Posted on Nov 25, 2022, 3 p.m.
Most experts agree that nerve damage and pain that is observed in those with obesity or diabetes is related to their metabolic state. A new study published in Scientific Reports from the University of Texas-Dallas is challenging this notion, suggesting that the act of indulging in fattening food alone may be the driving factor behind pain in some people. Findings add to the growing evidence supporting the avoidance of a high-fat diet (HFD).
“This study indicates you don’t need obesity to trigger pain; you don’t need diabetes; you don’t need a pathology or injury at all,” said co-author Dr. Michael Burton, assistant professor of neuroscience in the university’s School of Behavioral and Brain Sciences. “Eating a high-fat diet for a short period of time is enough — a diet similar to what almost all of us in the U.S. eat at some point.”
For most people in America, the standard diet (Western Diets) is rich in processed foods, fats, and fried foods, these choices are known gateways to a lengthy list of chronic diseases as well as obesity. Eating these types of fattening foods, that lead to high amounts of free fatty acids circulating in their bloodstream, may even exacerbate pre-existing conditions and hinder recovery from injury.
In this animal study, the researchers compared the effects of different diets on mice over eight weeks, with one group receiving normal food while the other was on an HFD that would not induce obesity or diabetes since both can result from disease-state-related pain like diabetic neuropathy. (These groups of animals were also compared to diabetic and obese mice)
While examining blood samples for saturated fats, it was revealed that the most common form of saturated fat found in the HFD mice was palmitic acid, and it binds to certain nerve cell receptors that lead to inflammation and mimics nerve damage. This finding suggests that if a way can be found to stop this binding process it could be used as a possible intervention.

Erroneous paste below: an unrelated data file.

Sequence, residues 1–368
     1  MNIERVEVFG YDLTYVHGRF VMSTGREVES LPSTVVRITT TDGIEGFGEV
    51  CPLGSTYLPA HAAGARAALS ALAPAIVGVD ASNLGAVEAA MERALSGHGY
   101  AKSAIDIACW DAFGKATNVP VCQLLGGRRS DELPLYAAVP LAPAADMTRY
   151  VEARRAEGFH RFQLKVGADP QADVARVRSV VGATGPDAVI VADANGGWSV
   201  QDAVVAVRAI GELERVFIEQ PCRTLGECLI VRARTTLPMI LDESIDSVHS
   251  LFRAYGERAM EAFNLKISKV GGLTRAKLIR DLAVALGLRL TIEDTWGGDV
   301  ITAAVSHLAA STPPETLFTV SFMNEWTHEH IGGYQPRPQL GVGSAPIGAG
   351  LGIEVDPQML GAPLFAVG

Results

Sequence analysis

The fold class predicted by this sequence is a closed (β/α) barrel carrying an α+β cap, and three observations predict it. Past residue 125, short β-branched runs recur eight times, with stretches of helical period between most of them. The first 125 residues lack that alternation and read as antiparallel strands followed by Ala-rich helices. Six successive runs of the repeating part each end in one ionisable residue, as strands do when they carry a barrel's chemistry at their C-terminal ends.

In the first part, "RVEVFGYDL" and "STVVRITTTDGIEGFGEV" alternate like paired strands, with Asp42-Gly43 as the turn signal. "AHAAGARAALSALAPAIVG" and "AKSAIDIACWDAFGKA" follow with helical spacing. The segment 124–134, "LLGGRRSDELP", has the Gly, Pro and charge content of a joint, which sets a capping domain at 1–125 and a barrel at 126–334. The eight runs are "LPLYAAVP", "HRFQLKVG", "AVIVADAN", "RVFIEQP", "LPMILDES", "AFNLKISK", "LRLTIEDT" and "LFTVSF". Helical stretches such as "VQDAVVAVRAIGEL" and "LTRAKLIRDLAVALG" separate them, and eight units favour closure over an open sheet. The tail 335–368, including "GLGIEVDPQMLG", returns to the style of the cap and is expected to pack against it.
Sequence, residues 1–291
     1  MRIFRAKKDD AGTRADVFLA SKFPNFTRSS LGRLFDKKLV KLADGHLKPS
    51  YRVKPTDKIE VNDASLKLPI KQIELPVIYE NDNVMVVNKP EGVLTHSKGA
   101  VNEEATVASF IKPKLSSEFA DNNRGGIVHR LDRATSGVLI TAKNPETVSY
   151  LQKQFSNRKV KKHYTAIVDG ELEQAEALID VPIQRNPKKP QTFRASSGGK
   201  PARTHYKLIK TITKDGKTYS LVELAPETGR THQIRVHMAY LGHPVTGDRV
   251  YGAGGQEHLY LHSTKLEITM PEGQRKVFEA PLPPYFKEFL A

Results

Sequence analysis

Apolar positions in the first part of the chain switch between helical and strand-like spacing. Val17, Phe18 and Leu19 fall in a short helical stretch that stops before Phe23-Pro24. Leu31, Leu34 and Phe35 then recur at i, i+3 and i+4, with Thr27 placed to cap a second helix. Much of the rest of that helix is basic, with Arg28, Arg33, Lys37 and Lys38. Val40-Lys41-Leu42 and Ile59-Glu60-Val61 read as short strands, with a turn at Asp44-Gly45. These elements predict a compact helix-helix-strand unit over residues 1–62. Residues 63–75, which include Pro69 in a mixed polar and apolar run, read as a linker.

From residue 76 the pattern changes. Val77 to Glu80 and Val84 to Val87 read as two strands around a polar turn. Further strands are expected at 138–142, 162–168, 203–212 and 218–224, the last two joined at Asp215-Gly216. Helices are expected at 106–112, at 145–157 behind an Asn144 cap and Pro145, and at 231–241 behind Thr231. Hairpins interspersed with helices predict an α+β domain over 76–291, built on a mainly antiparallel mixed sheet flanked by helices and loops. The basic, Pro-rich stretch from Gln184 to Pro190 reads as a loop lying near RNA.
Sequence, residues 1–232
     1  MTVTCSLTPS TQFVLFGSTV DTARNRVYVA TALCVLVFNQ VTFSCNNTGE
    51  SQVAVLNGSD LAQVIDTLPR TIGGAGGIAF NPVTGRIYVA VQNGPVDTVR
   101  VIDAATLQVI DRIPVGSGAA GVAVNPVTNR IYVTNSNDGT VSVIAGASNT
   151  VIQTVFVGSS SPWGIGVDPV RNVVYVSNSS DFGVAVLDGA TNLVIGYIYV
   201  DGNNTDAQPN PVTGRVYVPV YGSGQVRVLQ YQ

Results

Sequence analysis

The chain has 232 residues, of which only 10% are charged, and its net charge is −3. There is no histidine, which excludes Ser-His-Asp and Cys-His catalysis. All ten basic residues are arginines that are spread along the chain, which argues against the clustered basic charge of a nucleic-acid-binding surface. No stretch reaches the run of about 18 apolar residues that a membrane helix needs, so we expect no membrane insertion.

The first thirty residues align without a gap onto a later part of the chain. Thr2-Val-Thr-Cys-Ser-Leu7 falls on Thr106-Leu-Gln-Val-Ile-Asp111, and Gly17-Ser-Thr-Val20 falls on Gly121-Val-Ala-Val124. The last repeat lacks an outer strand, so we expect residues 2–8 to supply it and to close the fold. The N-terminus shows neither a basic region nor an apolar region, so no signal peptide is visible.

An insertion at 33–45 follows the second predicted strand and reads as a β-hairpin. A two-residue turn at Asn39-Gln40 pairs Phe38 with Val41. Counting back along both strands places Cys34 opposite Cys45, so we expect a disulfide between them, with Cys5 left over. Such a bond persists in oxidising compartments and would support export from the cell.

“The metabolites from the diet are causing inflammation before we see pathology develop,” Burton said. “Diet itself caused markers of neuronal injury.” “Now that we see that it’s the sensory neurons that are affected, how is it happening? We discovered that if you take away the receptor that the palmitic acid binds to, you don’t see that sensitizing effect on those neurons. That suggests there’s a way to block it pharmacologically,” says Burton.
“The mechanism behind this transition is important because it is the presence of chronic pain — from whatever source — that is fueling the opioid epidemic,” he said. “If we figure out a way to prevent that transition from acute to chronic, it could do a lot of good.”
The researchers suggest that their findings indicate that healthcare professionals should take into account the dangerous effects of eating fattening foods for anyone reporting experiencing pain, not just those with obesity or those at risk for diabetes. This study reveals that there may be more clues/answers hiding in how a patient reached a specific point of pain than the endpoint or a disease state itself.
“The biggest reason we do research like this is because we want to understand our physiology completely,” he said. “Now, when a patient goes to a clinician, they treat a symptom, based off of an underlying disease or condition. Maybe we need to pay more attention to how the patient got there: Does the patient have diabetes-induced or obesity-induced inflammation; has a terrible diet sensitized them to pain more than they realized? That would be a paradigm shift.”
As with anything you read on the internet, this article should not be construed as medical advice; please talk to your doctor or primary care provider before changing your wellness routine. This article is not intended to provide a medical diagnosis, recommendation, treatment, or endorsement.
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